This is my first question here from the community :)

So I have inherited some bad embedded code, the whole firmware is a messy spaghetti state-machine that has an infinite number of states! and it is so messy that no one dares to touch it because testing it would take months (we don't have any automated testing systems)! so practically code maintenance is almost impossible.

The devices are used in Automation, they are responsible to measure few analogue signals and do calculations to estimate some physical qualities. We have three different types of devices that they even send data to each other and a state of one may impact other devices behaviour.

The hardware is based on SiliconLabs 8051 series. The compiler is Keil uVision with the C51 compiler.

I want to change this sticky situation and organise the code by introducing hardware abstraction layers and modularising the code to smaller chunks.

In order to achieve this goal, I personally think that we need to develop a test bench for devices that I can test them after refactoring and code cleaning. So the idea is to use another microcontroller (STM32) to fake the PCB's or MCU's inputs to simulate the actual environment that the device should work in. Since the behaviour of different devices has an impact on others, I think we have to have a test bench that represents a network of devices so we can also do integration testing.

I have been looking around the web and reading about ways to help me test this messy code, but I haven't found any other way of doing so.

What do you think? is there any other approach that I can take? or do you have any suggestions? how would you handle this situation?



Thank you everyone for your comments and replies!

So The firmware is tightly coupled and there are hardware dependencies and global variables everywhere, the firmware has more than 12,000 lines of code. The main issue here is that even the regression testing involves a hideous and time-consuming 100% manual process that requires the tester to have lots of physical interactions with the device itself and may take more than a day or two!

So I'm looking for a way to test (regression testing for now) the current firmware running on the MCU without the need to refactor and/or changing the code since even a small change in the FW requires intensive manual testing. My understanding is that by having a black-box test rig, that emulates the real environment for the device we can test the FW much quicker and even automate the process. Most of our devices have very limited inputs (like 3 analogue input, and 5 digital I/Os) and the main output is CAN messages that can be processed easily.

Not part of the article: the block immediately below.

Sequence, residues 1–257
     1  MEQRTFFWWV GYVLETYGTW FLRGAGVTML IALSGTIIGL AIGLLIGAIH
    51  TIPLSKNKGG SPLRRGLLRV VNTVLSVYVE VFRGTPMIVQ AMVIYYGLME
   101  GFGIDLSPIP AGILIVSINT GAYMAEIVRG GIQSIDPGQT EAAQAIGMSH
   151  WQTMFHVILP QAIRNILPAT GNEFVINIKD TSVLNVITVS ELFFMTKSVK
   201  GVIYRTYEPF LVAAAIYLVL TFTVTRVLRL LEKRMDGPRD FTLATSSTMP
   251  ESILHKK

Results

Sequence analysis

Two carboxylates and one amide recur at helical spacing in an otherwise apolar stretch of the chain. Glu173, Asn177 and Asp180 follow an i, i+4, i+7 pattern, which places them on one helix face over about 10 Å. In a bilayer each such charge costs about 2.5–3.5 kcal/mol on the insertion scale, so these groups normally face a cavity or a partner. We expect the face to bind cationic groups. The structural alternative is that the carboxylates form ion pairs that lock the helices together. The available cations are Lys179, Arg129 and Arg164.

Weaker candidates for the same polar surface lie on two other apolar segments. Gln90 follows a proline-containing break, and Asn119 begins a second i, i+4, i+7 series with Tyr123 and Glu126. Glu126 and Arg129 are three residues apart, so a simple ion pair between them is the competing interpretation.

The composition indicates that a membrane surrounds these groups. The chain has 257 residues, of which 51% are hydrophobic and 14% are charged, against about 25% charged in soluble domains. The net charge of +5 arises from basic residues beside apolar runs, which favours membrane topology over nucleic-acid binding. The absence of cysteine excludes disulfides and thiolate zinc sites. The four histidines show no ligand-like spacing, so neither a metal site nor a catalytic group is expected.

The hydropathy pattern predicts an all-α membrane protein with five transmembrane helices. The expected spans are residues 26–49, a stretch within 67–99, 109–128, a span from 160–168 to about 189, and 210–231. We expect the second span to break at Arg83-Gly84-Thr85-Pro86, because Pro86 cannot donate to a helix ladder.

Another reason to invest in a HIL test rig is that it will help me to simulate scenarios involving other sub-systems (Integration testing). For instance, there are some ancient bugs in the FW CAN Bus networking that are really hard to identify without monitoring every device and being able to track which one of the devices on the network and during which condition is messing with the network.

Currently, if we want to validify FW we have to install it in an actual environment, collect the data for months ( 2-6 months!!) and analyse the data to validify the device's behaviour. Then you'd find out that there is a bug somewhere (it might even be caused by another device on the network) that is impacting the data you've collected!! Next, you have to do the same process again for another few months :(. I would prefer to automate these process to some extend, so we can at least catch the bugs and issues before installing the device in the real environment.

  • 4
    \$\begingroup\$ Sounds like you are sweeping the problem under another rug, to me. In order to "clean up the code" you want a free hand to just write a clean slate of code. But because you aren't first attempting to fully understand what this system is supposed to do -- you just know it works, is all -- you anticipate needing some test device to run your new code through its paces. But this just shifts the problem to your STM32, which must fully produce all needed test cases to test your new C51 code. Wouldn't it be better to learn what the working code does, first, document it. Then just write good code? \$\endgroup\$
    – jonk
    Commented Oct 21, 2020 at 4:51
  • 1
    \$\begingroup\$ If there is no documentation at all on what the system is supposed to do, and all you have is working "spaghetti-code," then sit down and study the spaghetti-code's state machine and document what each state observes and does with those observations (what actions are taken and what new state is then transitioned to.) Write down a complete and thorough state-transition diagram generated by a meticulous and unswerving examination. Then you'll know a lot more about the situation. How can you create a new design, in every way unlike a state machine, if you don't know what the working code does? \$\endgroup\$
    – jonk
    Commented Oct 21, 2020 at 4:58
  • 1
    \$\begingroup\$ You can't write tests until you have a specification. It sounds like the specification is the behaviour of the code you have. If it's a mess of spaghetti, then you're unlikely to be able to discover every edge-case by just operating it, and whether each edge case is in fact important, or just a relic Not even a code coverage analyser would tell you the latter. You're going to have be iterative, with the plant owner's consent. a) specify what it does 'normally'. b) write tests for that. c) write the code. d) deploy. e) see what you've missed f) rinse and repeat. Or understand the original. \$\endgroup\$
    – Neil_UK
    Commented Oct 21, 2020 at 5:00
  • 1
    \$\begingroup\$ If you realy want to have a test bench, I would not go with another STM32 controller. Instead look for a HiL System which (most of the time) offers faster and easier programming interfaces than programming a controller in C. \$\endgroup\$
    – A.R.C.
    Commented Oct 21, 2020 at 6:07
  • \$\begingroup\$ HussTale - This thread on Software Engineering Stack Exchange about "when and if" to refactor undocumented spaghetti code, and the risks of doing so, is an interesting and relevant read. \$\endgroup\$